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Old 08-12-2002, 04:42 PM   #1
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Default Games Jobs

Are there any people here who use Maya for games creation? If so how hard is it to get a job in the games market and what skills would you suggest that one should concerntrate on.

I here stories all the time about games companies moving away from Max over to Maya and loads of being jobs available. Thing is if you have no real games experience how the hell are you supposed to get the experience in the first place - make your own game?
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Old 08-12-2002, 06:07 PM   #2
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Practice a lot of low poly modeling. Small motion tests for animation like jumping, kicking sword play. Experience thats the tough part just keep applying and working on new things and learn as much as you can. Send you reel to everyone and with patence and time someone will give you a chance to show your skills. I'm still waiting but I know I will get a job I just have to think positive and not stop sending out my new demo once its done. I've learned so much since my school demo was completed.
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Old 08-12-2002, 07:10 PM   #3
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yep, just gotta keep on truckin'...
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Old 08-12-2002, 09:43 PM   #4
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If you play games yourself, try modelling for some MODs. Looks good on a resume/demo reel. Not like I have a job in the industry yet :p
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Old 09-12-2002, 03:28 AM   #5
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(first post... woohoo!!!)

Ahem... anyway...

As a working professional in the games industry and an animation instructor, the best thing I would recommend is developing a strong portfolio and/or demo reel. It's not the software you use, it's your work. It helps to know Max, Maya, or whatever a particular studio is using, but it really does boil down to your skills both in 3D and more traditional art (drawing, sketching, photography, painting, etc). If you're an animator, put together a demo reel that shows the best of the best of the best of your work. Polish your timing, posing, staging, conveyance of weight, acting, etc. If you're a modeler, show off a range of characters and objects in both hi- and low-poly states. If you're a rigger, show off some of your raw rigs and how they're used on sample characters. There's really no definitive answer to getting a job, but this is a good start.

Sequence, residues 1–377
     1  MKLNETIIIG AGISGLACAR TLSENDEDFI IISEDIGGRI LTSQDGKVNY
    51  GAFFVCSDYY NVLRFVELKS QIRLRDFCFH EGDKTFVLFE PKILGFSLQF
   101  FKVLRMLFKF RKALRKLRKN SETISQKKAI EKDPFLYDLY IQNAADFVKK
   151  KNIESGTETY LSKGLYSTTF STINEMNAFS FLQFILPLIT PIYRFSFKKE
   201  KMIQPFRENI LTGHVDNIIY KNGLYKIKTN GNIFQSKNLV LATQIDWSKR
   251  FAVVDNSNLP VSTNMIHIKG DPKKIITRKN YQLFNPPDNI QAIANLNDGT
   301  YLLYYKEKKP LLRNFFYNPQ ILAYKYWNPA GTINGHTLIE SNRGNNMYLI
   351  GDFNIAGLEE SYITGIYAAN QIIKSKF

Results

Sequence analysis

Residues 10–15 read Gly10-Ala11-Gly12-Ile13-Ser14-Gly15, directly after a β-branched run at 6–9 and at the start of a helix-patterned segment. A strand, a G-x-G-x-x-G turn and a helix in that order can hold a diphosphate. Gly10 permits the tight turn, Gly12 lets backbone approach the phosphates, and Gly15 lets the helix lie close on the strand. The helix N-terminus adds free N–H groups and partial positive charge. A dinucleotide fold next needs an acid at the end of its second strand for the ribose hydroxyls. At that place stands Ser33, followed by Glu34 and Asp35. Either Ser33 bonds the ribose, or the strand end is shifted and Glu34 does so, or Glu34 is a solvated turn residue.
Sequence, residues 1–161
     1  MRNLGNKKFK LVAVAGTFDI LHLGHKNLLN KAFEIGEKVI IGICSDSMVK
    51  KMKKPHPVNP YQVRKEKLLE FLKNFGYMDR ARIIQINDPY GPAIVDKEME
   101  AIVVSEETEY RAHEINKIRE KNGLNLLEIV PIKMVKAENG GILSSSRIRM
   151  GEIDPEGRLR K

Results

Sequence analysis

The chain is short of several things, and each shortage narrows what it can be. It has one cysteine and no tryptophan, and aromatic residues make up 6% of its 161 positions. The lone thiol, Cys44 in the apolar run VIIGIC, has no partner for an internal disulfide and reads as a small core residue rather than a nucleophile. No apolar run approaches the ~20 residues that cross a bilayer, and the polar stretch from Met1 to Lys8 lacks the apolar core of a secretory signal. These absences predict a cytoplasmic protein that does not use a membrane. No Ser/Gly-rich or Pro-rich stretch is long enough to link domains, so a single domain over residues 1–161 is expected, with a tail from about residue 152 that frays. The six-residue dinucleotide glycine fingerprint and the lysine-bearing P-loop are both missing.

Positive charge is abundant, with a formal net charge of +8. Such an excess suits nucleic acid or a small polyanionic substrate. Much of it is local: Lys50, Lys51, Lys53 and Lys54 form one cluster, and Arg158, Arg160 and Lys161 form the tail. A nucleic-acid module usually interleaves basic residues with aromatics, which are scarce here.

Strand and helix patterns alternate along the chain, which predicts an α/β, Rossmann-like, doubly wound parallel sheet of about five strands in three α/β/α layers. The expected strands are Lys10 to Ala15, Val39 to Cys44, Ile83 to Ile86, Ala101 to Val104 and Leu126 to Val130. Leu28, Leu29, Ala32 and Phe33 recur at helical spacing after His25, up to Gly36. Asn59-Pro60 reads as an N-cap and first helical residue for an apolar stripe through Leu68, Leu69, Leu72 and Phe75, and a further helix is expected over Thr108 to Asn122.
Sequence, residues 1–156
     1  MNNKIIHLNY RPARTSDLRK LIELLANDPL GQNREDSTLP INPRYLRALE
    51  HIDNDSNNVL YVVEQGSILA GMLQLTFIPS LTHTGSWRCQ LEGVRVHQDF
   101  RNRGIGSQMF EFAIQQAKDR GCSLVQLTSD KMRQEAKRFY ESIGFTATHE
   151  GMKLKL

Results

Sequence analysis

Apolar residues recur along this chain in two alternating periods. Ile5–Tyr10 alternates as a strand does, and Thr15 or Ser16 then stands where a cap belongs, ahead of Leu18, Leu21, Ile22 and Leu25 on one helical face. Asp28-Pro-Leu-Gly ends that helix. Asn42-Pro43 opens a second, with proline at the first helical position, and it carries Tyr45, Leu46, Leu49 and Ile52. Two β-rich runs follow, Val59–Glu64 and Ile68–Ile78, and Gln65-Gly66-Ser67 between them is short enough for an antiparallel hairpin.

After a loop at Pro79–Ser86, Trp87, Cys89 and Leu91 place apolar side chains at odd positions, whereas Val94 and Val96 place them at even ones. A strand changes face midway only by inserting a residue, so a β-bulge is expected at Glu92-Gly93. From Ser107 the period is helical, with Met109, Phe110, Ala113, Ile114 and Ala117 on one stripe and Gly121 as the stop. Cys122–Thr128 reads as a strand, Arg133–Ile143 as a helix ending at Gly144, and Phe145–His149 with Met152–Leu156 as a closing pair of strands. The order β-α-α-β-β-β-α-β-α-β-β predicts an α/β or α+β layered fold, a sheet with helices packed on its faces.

The suggestion to make MODs is a very good one. That's a great way of learning a bit about what it takes to build game-ready shapes and animations. Another option is getting involved in the indie games community. There are a lot of independent teams trying to make their own games, some using commercial engines, some making their own. Regardless, it could prove to be a good way to gain some game development experience.
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Old 09-12-2002, 08:57 AM   #6
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welcome Danny - great first post with some top advice in there. nice site too
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Old 09-12-2002, 01:31 PM   #7
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Thanks chaps! Excuse my ignorance but what do you mean by MODS? Ministry of Defence Section???

Also, I wonder if you can point me in the right direction with regard to where I can find these indie games people.
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Old 09-12-2002, 01:37 PM   #8